‘Love Finds Andy Hardy’ aka the one where Judy Garland can do BETTER!

Okay, guys. In this post, we’re gonna be tackling significantly lighter fare. This one was wasn’t on my list for the TCM Film Festival. But, my dad was insistent – especially for 9am, this was the movie to see! And, I have to say, I’m glad I went. But, I have a lot of thoughts and I’ll obviously be using this post to release them all.

If you’ve never heard any reference to Andy Hardy, the 16 films made in the series follow Andy Hardy (Mickey Rooney), a typical teenager in 1930s America.😏 His big problem in this film: which girl will he take to the Christmas country club dance? And his options are:

Lana Turner

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Ann Rutherford 

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and…Judy Garland

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In other words, Andy Hardy’s got real problems. 😒 

Here are just a few reasons you should look past the corniness and watch Love Finds Andy Hardy!

Mickey Rooney

Okay, so if you’re a millennial like me, you probably know Mickey Rooney from the Disney Channel Original movie…and CLASSIC, The Phantom of the Megaplex. If you need a reminder, here’s his signature monologue.

I always thought of him as a kindly and very weird old man. This is the…I was about to say it’s the opposite of the Mickey in Love Finds Andy Hardy. But that’s not true. Mickey Rooney was weird then, at sixteen, just as he was weird at seventy. He’s just a weird guy. But, you can’t say he didn’t have charisma. Low-key, I think he might be on speed in Love Finds Andy Hardy though…

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HE’S TOO MUCH

The Sweetness

Yeah, it’s corny but also, there’s a sweetness in this film that is so refreshing. Obviously, just like the Rogers/Astaire films, these movies were made for an audience that wanted an escape out of their lives. They didn’t want to see the struggle they were going through; they wanted to see something inspirational or aspirational I should say – the “perfect” family.

What pleasantly surprised me the most were the scenes between Judge Hardy (Lewis Stone) and Andy. His advice was so honest and heartwarming, without being sentimental gush. Also, interesting to see how much Andy thinks his dad is out-of-touch with the current world. Whether it’s 1938 or 2018, we all think our parents don’t know what we’re going through.

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LOL

Judy Garland, Judy Garland, Did I mention JUDY GARLAND??!

This was Judy before The Wizard of Oz, 16 year-old Judy in all of her amazing talent. I’ve talked a bit about her in my post on Deanna Durbin who was, at the beginning of her career, her greatest rival.

MGM wasn’t paying a whole lot of attention to Garland until she sang at the birthday party of one Clark Gable and made a big impression…

Her role as Betsy Booth is at times, frustrating. She’s after Rooney’s Andy Hardy and he treats her like sh–I mean, garbage. He uses her and it’s so relatable you want to scream at the movie screen.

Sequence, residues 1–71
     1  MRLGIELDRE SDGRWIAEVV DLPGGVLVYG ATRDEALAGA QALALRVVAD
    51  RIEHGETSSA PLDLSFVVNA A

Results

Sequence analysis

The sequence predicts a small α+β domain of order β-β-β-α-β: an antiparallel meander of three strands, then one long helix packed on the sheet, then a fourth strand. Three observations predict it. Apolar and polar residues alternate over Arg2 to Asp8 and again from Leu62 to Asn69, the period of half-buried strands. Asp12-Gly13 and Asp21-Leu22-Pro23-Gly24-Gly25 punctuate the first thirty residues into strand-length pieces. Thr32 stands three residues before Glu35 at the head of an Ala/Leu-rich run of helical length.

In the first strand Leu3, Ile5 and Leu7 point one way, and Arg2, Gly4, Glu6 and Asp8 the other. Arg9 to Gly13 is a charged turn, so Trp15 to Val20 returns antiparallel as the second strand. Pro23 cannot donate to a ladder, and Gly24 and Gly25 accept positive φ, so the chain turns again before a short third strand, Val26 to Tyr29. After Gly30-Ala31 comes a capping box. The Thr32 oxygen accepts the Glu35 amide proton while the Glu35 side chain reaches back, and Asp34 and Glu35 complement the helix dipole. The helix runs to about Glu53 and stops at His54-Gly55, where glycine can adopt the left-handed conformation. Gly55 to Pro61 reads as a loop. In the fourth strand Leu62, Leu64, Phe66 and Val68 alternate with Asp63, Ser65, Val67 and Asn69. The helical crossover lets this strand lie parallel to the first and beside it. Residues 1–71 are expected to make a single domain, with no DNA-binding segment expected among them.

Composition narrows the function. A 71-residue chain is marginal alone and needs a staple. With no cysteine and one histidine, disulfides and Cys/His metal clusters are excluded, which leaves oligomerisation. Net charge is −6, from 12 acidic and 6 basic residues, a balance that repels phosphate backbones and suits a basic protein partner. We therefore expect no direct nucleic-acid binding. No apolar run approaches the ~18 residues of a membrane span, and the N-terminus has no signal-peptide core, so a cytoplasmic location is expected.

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YES JUDY YOU ARE! DUMP HIMMMMMM!

She literally helps him in every way she can. She tries to buy his love through money and favors. It’s revolting how relatable it is. I came out of this movie and was like, JUDY CAN DO BETTER!! lol

The 1930s Version of “I’m Not A Girl, Not Yet a Woman”

Okay, I was a 90s baby so yes, I was a Britney Spears fan. Hey! I can be into old movies and bubblegum pop. (DON’T JUDGE ME!) When Britney sang about not being a girl, but not quite a woman, I felt it! In case you need a reminder:

I’d venture to say the songwriters of Britney’s tween classic may have seen a recording of Judy singing In Between, a literal 1930s version. I mean, okay, not really – like, they’re very different styles. But, in essence, SAME MEANING, SAME SONG!

It’s a fun, campy, cute film about the ideal American family

Here’s the deal: don’t take this film too seriously and you’ll have a great time watching it. It’s basically a sitcom before there were sitcoms. And Judy’s great. And Mickey’s insane. And it’s just a load of fun. Happy watching!

P.S. – Fun Fact – Rooney’s first wife, the lovely Ava Gardner called Rooney “Andy Hard-On.”😉

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THIS IS NOT ATTRACTIVE IMHO

Vintage trailer below:

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Why I now appreciate John Badham’s WarGames

I remember being terrified the first time I saw WarGames. Mind you, I’m pretty sure I was under the age of ten, but still, this light thriller gave me nightmares. Once I got a little older, I saw the film again and began to see it in a different light. I could finally appreciate the film, although I will say parts of it still make me feel uneasy.

Recently, I watched a special feature about the making of the film which turned everything I thought I knew on its head. I love hearing behind-the-scenes stories which make you feel awe that the film got finished, was successful, and was actually a good movie. WarGames is one such case of this.

But before we get to all that, here’s a little synopsis for those of you who are WarGames virgins. Made in 1983, the film follows David (Matthew Broderick), a teenager too smart for his own good. Obsessed with computers (which now look positively ANCIENT), he accidentally hacks into the military’s central computer and realizes the computer cannot tell the difference between game-playing and reality. There is, of course, a girl played by a young Ally Sheedy who goes on the roller coaster journey with David while also falling in love with him. Let’s just say…DRAMA ENSUES.